5...4...3...2...Yawwwwwn, ABC News
"What if we saw more of that on NASA TV? What if the cameras were live 24 hours a day on the space station and you could peek at the crew anytime you wanted to and see and hear what they were doing, rather than the one hour a day in the morning NASA lets you see a carefully programmed presentation?"
Editor's note: Did you know that there are as many as a dozen live cameras, some which can send HiDef video back to earth 24-7-365? Many of them look at the ISS and the Earth. Yet JSC refuses to allow that video to be streamed live over the Internet. Even NASA HQ can't make them do it.
As for the more popular aspect of the STS-126 mission, the lost tool bag, this has become a rather popular topic of discussion in the news. And no, the talk on the news does not totally focus on NASA screwing up by losing this bag. Instead, broadcasts such as the NBC Nightly News focused - as did a number of websites - on how anyone can look up track this small object in space all by themselves. Some people have actually videotaped it. Yet I cannot find any evidence that NASA's Human Spaceflight website or on its ISS/Shuttle tracking page have done anything to build upon this obvious public interest so as to facilitate more sightings. At least for a moment, a lot of people could participate albeit from afar, in the observation of this unintended satellite. But NASA does not seem to care.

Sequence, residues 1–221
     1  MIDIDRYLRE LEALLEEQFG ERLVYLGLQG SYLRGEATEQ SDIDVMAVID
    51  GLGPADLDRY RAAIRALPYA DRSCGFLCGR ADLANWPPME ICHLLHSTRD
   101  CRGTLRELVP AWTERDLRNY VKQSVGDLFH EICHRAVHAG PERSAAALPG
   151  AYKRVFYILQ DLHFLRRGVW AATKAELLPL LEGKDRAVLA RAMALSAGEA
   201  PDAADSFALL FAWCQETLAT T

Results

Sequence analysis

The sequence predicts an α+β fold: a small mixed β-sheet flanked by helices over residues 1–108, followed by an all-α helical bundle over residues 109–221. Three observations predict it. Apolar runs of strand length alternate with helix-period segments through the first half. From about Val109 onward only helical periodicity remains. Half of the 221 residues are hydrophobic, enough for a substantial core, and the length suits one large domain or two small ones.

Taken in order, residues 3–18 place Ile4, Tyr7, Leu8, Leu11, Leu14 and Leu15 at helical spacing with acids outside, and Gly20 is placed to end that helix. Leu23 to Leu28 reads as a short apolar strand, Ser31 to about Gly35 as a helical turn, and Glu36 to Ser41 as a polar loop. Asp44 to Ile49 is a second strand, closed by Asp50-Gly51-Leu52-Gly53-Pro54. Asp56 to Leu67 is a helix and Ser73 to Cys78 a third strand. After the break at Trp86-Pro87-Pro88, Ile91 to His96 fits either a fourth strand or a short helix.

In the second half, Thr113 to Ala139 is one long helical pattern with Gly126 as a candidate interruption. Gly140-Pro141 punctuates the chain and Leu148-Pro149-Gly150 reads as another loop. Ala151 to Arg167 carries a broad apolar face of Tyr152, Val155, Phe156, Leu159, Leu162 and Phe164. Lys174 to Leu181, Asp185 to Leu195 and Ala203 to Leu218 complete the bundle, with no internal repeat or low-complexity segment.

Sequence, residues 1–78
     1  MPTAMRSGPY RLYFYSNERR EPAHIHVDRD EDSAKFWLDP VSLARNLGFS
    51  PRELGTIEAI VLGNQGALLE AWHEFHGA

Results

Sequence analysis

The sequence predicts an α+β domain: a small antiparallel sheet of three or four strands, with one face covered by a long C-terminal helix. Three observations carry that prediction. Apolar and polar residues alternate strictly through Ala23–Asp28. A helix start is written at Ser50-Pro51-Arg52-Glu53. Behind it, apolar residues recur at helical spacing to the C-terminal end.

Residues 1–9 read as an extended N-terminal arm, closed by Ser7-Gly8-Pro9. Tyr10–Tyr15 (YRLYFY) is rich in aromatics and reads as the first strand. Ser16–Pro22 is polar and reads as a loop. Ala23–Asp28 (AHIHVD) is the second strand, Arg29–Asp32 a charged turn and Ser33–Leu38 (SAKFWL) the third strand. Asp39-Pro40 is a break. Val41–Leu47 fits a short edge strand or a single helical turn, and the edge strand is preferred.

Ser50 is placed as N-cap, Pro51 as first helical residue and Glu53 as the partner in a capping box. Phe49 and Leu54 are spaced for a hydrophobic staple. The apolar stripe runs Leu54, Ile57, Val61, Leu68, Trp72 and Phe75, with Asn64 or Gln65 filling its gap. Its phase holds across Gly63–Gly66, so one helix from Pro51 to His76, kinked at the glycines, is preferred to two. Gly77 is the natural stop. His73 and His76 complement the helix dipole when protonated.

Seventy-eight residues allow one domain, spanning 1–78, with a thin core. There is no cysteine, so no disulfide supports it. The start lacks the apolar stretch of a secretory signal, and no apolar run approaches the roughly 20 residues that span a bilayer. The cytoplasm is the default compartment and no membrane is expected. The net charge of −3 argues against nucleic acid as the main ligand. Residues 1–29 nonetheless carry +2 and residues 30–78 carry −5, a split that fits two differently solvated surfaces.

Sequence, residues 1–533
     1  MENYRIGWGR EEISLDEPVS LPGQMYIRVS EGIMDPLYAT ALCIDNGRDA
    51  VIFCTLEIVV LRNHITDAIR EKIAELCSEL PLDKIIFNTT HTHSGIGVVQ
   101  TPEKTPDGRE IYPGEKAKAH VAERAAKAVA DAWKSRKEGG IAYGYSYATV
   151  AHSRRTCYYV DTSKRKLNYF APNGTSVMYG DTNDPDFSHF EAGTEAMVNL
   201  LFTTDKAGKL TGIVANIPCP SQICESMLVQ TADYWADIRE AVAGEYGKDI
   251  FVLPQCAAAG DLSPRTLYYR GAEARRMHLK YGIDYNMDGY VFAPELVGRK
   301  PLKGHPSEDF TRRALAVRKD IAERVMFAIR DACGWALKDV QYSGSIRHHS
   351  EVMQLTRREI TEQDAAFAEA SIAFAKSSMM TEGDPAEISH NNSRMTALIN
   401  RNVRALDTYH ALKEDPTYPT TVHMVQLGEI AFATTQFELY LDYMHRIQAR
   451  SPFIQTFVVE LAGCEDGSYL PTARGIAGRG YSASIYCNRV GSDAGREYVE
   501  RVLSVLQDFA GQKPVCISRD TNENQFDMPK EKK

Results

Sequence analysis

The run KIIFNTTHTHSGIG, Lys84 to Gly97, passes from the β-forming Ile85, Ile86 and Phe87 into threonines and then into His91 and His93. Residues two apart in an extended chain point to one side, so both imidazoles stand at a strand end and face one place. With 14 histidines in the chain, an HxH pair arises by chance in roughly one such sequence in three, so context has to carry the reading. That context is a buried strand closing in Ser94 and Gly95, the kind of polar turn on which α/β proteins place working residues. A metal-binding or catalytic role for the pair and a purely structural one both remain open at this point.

This points to a critical - and chronic - failure as to how NASA interacts with the public. Something captures the public's attention in a way that normally does not happen with shuttle missions such that they are drawn to lookup at the night sky. Does NASA do anything to encourage that behavior? No. Instead they treat this toolbag as a nuisance - one that they hope will go away. Alas, that is also how they are treating public interest in NASA. And if they are not careful, that interest will most certainly go away too.
Joe Six Pack and NASA, earlier post